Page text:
In early March 2021, Snopes readers asked about screenshots of what appeared to be a scam circulating on the payment platform Venmo. The alleged scam shows a Venmo user sending $600 to another user and then requesting it back, claiming to have sent it to the wrong person:
Although we don’t know the intentions of the Venmo user involved in the above exchange (and we cropped the person’s name out for privacy reasons), sending money to strangers and then requesting it back is a known type of scam on Venmo.
The Dayton Daily News, a Dayton, Ohio-based daily newspaper, described how the scam works:
Even Venmo is aware of these scams and puts a warning on its website that Venmo is designed for payments between people who trust each other because there is no protection for the buyer or seller. Therefore, it’s important you don’t accept or give money to strangers who could potentially be scammers. For example, scammers connect stolen credit cards to Venmo and use them to transfer money to unsuspecting users. If you send the money back to the scammer, he or she will delete the stolen credit card from the account and add his or her own card in its place. Others send screenshots of fake emails that make it seem like they’ve paid you through the app, when they actually haven’t.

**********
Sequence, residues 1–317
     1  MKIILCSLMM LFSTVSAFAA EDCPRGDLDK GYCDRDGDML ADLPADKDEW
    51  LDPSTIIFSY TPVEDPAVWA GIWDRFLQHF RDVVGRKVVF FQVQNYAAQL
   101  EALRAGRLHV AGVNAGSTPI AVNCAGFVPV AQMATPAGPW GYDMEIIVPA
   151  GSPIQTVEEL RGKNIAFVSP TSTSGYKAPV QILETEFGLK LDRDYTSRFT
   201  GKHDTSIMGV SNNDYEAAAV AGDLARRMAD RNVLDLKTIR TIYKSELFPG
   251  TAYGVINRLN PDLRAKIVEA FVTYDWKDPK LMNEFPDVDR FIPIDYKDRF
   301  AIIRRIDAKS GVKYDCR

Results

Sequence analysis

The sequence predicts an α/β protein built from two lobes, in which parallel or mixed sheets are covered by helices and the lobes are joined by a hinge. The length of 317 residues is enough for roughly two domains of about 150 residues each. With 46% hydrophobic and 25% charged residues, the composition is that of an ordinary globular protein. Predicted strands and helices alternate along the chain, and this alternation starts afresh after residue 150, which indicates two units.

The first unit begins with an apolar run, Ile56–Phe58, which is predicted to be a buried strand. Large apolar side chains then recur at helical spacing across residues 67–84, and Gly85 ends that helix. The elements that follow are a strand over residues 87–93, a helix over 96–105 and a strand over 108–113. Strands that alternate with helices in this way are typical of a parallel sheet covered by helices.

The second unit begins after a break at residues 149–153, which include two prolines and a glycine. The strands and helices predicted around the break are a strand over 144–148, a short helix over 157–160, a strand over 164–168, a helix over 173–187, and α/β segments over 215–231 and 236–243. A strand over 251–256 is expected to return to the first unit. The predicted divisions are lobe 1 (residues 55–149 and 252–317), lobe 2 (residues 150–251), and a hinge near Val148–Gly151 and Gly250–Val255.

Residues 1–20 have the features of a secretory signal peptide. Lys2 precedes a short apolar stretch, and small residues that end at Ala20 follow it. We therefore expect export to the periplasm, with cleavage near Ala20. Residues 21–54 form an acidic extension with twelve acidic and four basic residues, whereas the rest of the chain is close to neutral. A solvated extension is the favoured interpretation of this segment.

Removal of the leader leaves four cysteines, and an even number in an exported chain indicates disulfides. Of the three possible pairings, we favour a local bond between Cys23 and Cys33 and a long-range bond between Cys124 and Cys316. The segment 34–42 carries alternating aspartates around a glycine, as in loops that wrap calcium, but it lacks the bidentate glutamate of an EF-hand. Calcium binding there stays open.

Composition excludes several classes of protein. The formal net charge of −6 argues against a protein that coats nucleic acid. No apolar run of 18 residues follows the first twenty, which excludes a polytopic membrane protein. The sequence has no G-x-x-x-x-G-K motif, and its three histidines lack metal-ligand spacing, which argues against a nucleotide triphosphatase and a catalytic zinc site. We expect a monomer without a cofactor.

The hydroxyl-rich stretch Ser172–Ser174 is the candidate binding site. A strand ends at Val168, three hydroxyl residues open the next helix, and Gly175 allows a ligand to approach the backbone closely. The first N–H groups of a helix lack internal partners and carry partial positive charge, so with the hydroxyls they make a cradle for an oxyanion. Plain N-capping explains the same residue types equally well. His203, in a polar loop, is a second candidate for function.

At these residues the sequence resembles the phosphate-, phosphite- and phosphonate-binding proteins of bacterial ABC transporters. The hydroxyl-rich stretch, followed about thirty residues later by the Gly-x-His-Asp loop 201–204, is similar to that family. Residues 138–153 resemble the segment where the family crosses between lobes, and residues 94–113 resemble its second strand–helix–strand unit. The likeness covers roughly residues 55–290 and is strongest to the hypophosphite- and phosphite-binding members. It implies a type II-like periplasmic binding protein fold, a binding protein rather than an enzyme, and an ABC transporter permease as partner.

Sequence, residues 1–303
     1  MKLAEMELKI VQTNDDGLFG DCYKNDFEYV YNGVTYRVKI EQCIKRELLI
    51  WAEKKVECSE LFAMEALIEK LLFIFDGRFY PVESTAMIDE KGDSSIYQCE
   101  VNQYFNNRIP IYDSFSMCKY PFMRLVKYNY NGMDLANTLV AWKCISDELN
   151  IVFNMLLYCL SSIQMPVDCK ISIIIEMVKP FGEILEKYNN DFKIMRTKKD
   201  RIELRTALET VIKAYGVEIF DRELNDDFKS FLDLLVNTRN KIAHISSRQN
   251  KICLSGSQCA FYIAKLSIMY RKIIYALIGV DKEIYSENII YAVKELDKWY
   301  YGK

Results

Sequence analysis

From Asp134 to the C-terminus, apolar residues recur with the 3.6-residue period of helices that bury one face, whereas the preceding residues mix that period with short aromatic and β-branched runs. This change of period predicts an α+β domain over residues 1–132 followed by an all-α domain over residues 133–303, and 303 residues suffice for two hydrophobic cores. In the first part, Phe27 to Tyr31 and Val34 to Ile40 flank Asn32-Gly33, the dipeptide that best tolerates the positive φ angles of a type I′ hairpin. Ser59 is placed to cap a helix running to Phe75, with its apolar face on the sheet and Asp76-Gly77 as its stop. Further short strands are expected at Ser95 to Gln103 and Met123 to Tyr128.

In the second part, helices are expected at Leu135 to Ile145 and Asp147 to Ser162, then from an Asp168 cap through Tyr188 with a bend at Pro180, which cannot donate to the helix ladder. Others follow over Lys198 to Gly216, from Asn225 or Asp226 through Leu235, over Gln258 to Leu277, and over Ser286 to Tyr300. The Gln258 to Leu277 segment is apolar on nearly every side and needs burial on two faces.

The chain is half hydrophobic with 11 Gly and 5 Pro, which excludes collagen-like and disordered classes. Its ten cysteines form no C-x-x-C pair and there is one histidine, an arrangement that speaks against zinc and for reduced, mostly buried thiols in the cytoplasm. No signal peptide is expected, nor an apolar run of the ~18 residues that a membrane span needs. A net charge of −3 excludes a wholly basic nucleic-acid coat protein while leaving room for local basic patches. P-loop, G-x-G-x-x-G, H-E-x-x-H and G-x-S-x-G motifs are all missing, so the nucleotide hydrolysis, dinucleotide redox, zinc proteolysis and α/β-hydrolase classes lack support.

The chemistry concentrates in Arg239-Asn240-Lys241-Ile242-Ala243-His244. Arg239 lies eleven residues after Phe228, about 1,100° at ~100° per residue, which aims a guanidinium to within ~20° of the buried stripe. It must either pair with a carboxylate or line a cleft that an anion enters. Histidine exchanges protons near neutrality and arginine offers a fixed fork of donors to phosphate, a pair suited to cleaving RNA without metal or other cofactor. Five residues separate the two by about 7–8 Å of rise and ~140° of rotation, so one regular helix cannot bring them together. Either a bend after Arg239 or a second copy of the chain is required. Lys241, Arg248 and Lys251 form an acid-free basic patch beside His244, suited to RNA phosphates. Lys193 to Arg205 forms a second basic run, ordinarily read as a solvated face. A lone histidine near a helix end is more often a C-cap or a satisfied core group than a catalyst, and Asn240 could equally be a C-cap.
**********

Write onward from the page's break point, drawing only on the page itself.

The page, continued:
The Better Business Bureau (BBB) also warns against this type of scam, in which a cash app user “accidentally” sends a stranger a payment and then requests that they send it back. The BBB advises that if you are targeted in an exchange like this, don’t send the money back. Instead, ask the other person to simply cancel the transaction.
“The sender can request that the vendor cancel the transaction. If the person refuses, it’s probably a scam,” the BBB states.
The BBB also encourages cash app users to check their security settings and to link their accounts to credit cards instead of debit cards or bank accounts because, in the event that you are scammed, it’s easier to recoup the money if you charged it to a credit card.